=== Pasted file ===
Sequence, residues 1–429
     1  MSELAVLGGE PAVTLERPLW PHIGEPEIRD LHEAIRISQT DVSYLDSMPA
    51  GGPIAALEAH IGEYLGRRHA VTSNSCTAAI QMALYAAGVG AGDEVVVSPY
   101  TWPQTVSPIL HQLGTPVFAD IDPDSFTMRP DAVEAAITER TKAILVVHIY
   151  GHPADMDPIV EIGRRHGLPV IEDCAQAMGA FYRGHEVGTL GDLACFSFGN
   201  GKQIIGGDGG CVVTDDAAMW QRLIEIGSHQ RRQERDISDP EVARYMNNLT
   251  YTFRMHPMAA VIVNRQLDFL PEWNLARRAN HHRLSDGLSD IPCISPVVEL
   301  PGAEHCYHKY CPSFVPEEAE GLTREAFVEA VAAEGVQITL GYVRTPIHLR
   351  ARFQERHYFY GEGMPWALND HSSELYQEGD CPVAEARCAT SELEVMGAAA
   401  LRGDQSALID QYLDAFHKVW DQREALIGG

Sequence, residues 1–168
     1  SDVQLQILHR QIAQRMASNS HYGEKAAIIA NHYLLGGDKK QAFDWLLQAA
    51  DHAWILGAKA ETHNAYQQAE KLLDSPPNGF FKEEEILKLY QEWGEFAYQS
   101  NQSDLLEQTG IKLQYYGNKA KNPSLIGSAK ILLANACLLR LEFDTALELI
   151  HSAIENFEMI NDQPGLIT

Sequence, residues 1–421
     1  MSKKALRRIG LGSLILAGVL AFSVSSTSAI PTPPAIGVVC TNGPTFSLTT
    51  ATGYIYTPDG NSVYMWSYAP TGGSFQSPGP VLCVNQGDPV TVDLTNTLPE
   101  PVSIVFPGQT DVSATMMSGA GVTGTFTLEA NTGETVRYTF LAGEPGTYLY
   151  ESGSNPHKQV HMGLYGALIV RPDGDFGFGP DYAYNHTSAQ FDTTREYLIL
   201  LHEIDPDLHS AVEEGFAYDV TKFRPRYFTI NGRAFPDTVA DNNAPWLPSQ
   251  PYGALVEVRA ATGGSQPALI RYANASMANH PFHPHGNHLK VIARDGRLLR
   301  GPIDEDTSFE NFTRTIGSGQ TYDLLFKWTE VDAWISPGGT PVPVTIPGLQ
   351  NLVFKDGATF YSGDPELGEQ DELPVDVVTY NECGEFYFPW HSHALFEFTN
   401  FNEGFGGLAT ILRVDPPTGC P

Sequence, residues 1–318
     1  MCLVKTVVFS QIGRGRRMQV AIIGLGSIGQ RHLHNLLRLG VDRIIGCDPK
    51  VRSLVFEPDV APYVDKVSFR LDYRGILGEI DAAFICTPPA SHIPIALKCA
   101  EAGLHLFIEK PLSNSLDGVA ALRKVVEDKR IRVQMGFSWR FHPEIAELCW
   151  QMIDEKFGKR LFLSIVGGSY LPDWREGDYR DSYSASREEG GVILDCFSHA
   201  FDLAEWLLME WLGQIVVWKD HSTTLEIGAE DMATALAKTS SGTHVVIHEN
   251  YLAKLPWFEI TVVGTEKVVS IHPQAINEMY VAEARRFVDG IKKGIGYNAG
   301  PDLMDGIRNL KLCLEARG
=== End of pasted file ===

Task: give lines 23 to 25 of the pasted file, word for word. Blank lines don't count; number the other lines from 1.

   301  GPIDEDTSFE NFTRTIGSGQ TYDLLFKWTE VDAWISPGGT PVPVTIPGLQ
   351  NLVFKDGATF YSGDPELGEQ DELPVDVVTY NECGEFYFPW HSHALFEFTN
   401  FNEGFGGLAT ILRVDPPTGC P